Train bombings in India (July 11, 2006)

The Indian Mujahideen were believed responsible for 7 near simultaneous pressure cooker bombs on commuter trains in Mumbai which killed nearly 200 people.

Most terrorists have a hard enough time successfully pulling off one attack at a time: what about 7?

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MUMBAI, INDIA — If there is one thing I have learned about terrorism through my work at CSIS (Canadian Security Intelligence Service) and afterwards (five books on terrorism and counting!) is that most terrorists are incompetent wankers.

There is a large gap between wanting to carry out a violent extremist attack and actually doing it. Firstly, most terrorists who boast on line about planning something never get anywhere: they are just blathering. Secondly, even those who have a modicum of ability rarely follow through with their ideas. Thirdly, even the few who get to action often screw it up through technical incompetence (i.e. not everyone can build an effective bomb). Fourthly, those who surpass all these hurdles and effect something on D-Day usually blow their wad on one act.

The simultaneous attack bunch is a rare beast indeed. Simultaneity takes smarts, access to equipment, know-how, careful planning, imperviousness to detection and infiltration by security intelligence and law enforcement agencies tasked with stopping you and workable trust among all those involved.

Even when all goes right something can go wrong. 9/11 was obviously the exception to the rule I just made up. And there hints were dropped and suspicions were raised but not in high enough quantities to prevent the four planes from being hijacked and flown into buildings.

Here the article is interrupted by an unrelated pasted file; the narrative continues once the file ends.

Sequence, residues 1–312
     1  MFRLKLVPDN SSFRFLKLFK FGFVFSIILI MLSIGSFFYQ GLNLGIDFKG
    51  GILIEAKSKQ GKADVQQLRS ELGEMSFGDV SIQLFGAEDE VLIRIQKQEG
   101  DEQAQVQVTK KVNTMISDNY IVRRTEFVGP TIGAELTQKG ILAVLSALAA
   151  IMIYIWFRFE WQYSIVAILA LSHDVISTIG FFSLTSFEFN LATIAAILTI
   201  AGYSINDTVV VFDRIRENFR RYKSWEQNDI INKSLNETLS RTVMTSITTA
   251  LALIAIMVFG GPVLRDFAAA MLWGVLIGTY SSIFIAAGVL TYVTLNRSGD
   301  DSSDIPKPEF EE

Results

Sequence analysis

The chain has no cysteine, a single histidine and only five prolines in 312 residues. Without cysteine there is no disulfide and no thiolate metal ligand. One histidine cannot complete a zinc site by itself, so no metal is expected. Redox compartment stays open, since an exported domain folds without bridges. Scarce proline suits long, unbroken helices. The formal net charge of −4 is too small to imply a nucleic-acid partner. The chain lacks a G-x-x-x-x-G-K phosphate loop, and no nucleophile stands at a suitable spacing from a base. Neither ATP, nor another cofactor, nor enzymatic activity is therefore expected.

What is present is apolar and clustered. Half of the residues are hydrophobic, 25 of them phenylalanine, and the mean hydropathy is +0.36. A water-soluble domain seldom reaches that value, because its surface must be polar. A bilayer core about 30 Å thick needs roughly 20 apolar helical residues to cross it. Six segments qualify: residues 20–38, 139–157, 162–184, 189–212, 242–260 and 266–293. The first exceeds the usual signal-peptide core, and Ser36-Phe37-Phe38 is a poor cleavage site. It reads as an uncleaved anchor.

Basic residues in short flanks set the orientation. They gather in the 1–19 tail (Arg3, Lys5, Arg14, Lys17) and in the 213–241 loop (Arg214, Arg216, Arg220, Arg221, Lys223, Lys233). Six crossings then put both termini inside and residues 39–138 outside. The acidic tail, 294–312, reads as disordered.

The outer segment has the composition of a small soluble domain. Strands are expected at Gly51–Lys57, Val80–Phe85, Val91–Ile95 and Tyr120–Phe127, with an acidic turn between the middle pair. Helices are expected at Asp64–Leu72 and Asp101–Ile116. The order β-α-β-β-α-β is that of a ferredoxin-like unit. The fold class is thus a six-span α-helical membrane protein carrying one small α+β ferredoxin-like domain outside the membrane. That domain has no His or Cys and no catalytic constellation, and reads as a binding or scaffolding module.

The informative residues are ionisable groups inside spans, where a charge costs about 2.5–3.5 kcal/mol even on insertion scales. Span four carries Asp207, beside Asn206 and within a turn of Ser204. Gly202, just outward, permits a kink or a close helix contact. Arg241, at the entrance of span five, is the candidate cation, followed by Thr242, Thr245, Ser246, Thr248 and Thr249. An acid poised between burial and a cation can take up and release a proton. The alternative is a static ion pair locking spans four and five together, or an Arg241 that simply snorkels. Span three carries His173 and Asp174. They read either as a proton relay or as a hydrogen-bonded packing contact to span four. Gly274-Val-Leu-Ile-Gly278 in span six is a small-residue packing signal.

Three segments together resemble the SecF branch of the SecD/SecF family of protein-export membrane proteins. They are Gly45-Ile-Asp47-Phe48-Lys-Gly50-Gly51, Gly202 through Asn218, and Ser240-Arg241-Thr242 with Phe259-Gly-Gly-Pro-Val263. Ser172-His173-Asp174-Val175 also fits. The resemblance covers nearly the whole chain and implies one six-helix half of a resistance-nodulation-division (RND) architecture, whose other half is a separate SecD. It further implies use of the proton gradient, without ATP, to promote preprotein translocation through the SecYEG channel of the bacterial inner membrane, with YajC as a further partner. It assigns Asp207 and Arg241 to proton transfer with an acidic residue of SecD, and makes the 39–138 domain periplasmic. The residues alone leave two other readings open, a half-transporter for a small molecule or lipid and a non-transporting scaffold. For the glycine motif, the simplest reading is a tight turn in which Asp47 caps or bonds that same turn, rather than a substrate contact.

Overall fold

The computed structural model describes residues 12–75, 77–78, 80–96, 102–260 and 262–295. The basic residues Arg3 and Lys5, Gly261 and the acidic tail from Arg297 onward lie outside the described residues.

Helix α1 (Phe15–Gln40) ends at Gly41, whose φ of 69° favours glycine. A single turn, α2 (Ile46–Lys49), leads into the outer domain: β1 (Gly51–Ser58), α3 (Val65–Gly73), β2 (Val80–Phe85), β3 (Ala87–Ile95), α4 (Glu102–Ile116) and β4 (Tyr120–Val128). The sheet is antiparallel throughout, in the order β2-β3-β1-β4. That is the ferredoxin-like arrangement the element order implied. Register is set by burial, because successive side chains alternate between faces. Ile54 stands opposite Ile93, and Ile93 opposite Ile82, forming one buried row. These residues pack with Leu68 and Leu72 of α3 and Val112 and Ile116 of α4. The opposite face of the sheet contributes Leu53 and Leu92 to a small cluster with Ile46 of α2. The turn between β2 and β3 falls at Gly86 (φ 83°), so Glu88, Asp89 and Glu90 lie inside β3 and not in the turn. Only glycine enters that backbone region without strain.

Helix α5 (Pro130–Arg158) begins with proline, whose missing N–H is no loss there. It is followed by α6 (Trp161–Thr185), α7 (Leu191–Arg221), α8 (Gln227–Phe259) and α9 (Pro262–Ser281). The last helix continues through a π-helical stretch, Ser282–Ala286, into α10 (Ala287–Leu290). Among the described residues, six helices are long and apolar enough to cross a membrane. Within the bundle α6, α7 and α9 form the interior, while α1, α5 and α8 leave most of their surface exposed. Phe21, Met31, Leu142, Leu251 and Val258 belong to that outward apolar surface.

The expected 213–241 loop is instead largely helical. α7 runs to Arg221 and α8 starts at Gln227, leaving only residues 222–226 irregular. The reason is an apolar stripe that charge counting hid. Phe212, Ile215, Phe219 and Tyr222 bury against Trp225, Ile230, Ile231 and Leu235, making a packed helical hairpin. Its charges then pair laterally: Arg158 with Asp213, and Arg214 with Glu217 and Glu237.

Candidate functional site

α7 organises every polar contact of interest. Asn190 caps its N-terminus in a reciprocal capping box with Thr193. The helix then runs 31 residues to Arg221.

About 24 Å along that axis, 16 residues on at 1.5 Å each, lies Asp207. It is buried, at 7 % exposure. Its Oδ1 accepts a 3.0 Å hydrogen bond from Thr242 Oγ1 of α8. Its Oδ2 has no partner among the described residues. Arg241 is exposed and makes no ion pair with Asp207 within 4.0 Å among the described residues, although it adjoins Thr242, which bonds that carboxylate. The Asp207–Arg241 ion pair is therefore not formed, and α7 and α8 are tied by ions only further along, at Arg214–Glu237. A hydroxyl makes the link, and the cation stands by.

Still attacks on this scale are few and very far between thankfully. But they do happen. On this day in 2006 an Islamist terrorist group known as the ‘Indian Mujahideen’ planted seven pressure cooker bombs on seven different trains in Mumbai. All in all 189 people were killed and more than 800 injured. The bombs were packed into seven pressure cookers and put in bags, and the coordinated explosions were detonated within 15 minutes of each other.

The sound was terrible, really terrible. Everyone started running. There were a number of bodies lying there on the railway tracks.

In September 2015 a court in Mumbai sentenced five people to death over the bombings,while seven of the 12 men convicted for the blasts were given life sentences. A defence lawyer claimed that the accused were “innocent” men who had been “framed”.


It is indeed fortunate that actions of this scale are very few in nature. Let us hope our luck continues.

By Phil Gurski

Phil Gurski is the President and CEO of Borealis Threat and Risk Consulting Ltd. Phil is a 32-year veteran of CSE and CSIS and the author of six books on terrorism.

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